Brian Holmes on Sat, 31 May 2003 13:24:37 +0200 (CEST)

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<nettime> Fascism in the USA?

What does it mean for the average citizen to be a fascist?

I do not have a certain answer to this question. Anyone with a more
precise understanding should help here. It seems clear that, at least in
the early phases, the average citizen carries out no directly repressive
or murderous actions. Rather, it would seem that in a fascist society,
s/he watches others do so without protesting, participates in collective
national rituals without asking about the repressive and murderous actions
being fulfilled by police or soldiers in the nation's name.

At what point would one then have to conclude that the United States - and
not just its current government - has become effectively fascist?

The conditions may be gathering right now for that question to be
answered. Three pieces of news have appeared at roughly the same time.
They are:

a. Rumsfeld's careless admission that Iraq may have destroyed its weapons
of mass destruction before the war. Meaning that the war was unnecessary.

b. Wolfowitz's even more shocking declaration, in a recent Vanity Fair
interview (quoted today in Le Monde), that the issue of weapons of mass
destruction was chosen "for bureaucratic reasons," i.e. as the only issue
that could generate sufficient consensus in Washington to go ahead with
the attack.

c. The revelation, by the BBC's investigative reporters (relayed in The
Nation), that the heroic media spectacle provided by US Army reporters of
the rescue of Pvt. Jessica Lynch was entirely staged, having taken place
in reality after the hospital in which she was being held had been
abandoned by Iraqi forces.

The first and and above all the second items strongly suggest that
distorted intelligence was deliberately used to justify the war and
thereby make it possible. The third item baldly shows the extent to which
the US Army is ready to fabricate propaganda for domestic consumption, and
the news networks such as Fox and CNN, to relay that propaganda.

In Great Britain, a former member of Blair's cabinet, Robin Cook, who left
the government in protest over the war, is now part of a move to demand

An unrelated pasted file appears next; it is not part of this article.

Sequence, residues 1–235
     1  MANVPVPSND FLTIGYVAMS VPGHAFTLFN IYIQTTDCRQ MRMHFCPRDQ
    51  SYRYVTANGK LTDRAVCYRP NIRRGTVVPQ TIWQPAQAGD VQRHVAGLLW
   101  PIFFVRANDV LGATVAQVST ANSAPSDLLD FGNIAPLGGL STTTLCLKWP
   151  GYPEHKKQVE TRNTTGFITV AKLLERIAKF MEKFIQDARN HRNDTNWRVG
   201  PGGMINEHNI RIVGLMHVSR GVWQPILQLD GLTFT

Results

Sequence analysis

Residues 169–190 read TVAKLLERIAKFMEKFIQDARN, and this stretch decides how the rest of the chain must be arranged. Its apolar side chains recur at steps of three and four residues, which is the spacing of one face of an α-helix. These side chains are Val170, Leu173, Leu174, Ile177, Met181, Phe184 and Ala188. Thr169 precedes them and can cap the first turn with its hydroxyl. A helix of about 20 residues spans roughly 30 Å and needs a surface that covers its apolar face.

investigation of similar falsifications, particularly the statement
concerning Iraq's capacity to strike at Britain within "forty-five
minutes," which was attributed to British intelligence services.

If in the United States no serious and deep public questioning arises
concerning the use of false intelligence and reporting to justify the
declaration and pursuit of war, if such questioning is not accompanied by
formal political and legal investigation, then I think we would have to
face the disastrous reality that significant sectors of the world's
wealthiest and most technologically advanced nation are willing to be lied
to by their leaders.

I'm not saying this is necessarily the case. I'm saying this looks like a
real test. If a majority, or even a preponderant minority of American
citizens are collectively willing to go through all the rituals of
bellicosity and superpatriotism, but unwilling to demand investigation
into the facts which are supposed to have made those rituals necessary,
then one would have to very seriously ask the question whether a fascist
society is not emerging in the USA.

And given the interlinked nature of power in the world today, one would
have to look around, not only in Britain but everywhere in the developed
countries, and assess the level of functional agreement with this American
fascism. Not to do so, and not to argue publically against these trends,
would be to participate in their development.  It would become extremely
unwise, for instance, to wait for a more convincing test: Bush's
reelection. My opinion is that if Bush is reelected, the US will have
become, without any more doubt, a predominantly fascist society.

While nervously awaiting that moment of truth, I'd appreciate it if people
currently inside the US could give their observations on the way this
first test unfolds.

Brian Holmes

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